Futureproofing the Past: Rural Heritage Tourism in Central Norway
Honestly, I had a plan, then COVID-19 blasted it to smithereens. I’m working on a new one. Here’s what I’ve got:
In a climate of rapid urbanization across the globe, what motivates people living in rural areas to remain? The ethnographic field site in which I want to explore the ramifications of this question is the 600-person village of Snåsa in central Norway. On the one hand is a sophisticated and ambitious Saami museum and visitor centre, currently under construction; on the other is a loosely organised collective of Norwegian farmers offering nostalgic farmstays. In unpicking how concepts such as Indigeneity, heritage, place and the rural play out in Snåsa, and in focusing my research on activities undertaken within the remit of ‘tourism’ – activities which inherently involve theorising about and presenting a certain vision of place – I want to unsettle staid equations such as “Indigenous = local = rural” or “tourism = inauthentic = exploitative”. This, ultimately, will contribute to anthropological understanding of what makes people stay in rural areas despite significant incentives, even pressures, to leave.
I am a German/Scottish doctoral researcher in Social Anthropology with a background in Linguistics. All my education and academic training has taken place in the UK (Oxford, Edinburgh, Manchester), while my professional (non-academic) work has taken place in Germany.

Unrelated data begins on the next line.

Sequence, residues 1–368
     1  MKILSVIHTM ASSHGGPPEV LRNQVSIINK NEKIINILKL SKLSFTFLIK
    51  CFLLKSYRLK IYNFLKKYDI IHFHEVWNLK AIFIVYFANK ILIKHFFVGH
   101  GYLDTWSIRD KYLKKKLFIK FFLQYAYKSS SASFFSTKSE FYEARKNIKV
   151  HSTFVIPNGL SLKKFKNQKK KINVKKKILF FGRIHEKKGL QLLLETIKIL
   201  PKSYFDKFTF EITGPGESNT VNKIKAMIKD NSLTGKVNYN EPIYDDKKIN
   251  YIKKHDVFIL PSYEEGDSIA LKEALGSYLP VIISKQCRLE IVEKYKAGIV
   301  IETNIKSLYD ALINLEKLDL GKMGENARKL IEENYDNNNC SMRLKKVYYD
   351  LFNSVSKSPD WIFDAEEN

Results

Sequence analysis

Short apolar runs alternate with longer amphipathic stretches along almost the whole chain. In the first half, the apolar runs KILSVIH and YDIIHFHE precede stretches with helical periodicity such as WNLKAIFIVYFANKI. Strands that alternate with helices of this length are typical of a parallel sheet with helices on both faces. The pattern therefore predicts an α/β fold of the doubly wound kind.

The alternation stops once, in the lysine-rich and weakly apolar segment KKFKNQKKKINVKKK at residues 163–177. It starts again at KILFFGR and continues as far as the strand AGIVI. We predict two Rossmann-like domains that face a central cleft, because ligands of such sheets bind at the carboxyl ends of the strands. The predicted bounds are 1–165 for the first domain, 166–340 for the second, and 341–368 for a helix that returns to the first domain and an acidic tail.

My research originally concerned senses of place in western Mongolia within the context of Kazakh eco- and ethno-tourism. Both my first and second masters theses were written on this topic: ‘“Another True Kazakh Place”: The Making and Unmaking of Homelands in Western Mongolia’ (2017) and ‘Kazakh Placemaking in the Altai: Nomadism and Tourism in a Mongolian National Park’ (2020).
Since November 2020, I have been exploring similar themes in Saepmie (Saami regions) in Norway. This shift came about both in response to the COVID-19 pandemic, which prohibited fieldwork in Mongolia, and as a result of a research visit at CARMAH (Centre for Anthropological Research into Museums and Heritage, Humboldt University in Berlin) where I became interested in decolonial action in heritage sites.
I am now preparing to begin fieldwork in Norway in January 2021.
When, Where, Who
Fields & Fieldwork
Fieldwork will take place in Norway over the course of 15 months : three months of Norwegian language training and twelve months of ethnographic fieldwork.
As for academic fields, although this project broadly sits in Social Anthropology, my work is more accurately situated in the anthropologies of:
- Tourism & National Parks
- Museums & Cultural Heritage
- Indigenous Land Rights
- Place & Landscape
The project is being funded by the UK’s Economic and Social Research Council (ESRC) as part of its doctoral training scheme. I’m a recipient of the 1+3 studentship, which means I have done a 1-year research masters and am now doing a 3-year PhD. For more information on this funding, check out this guide.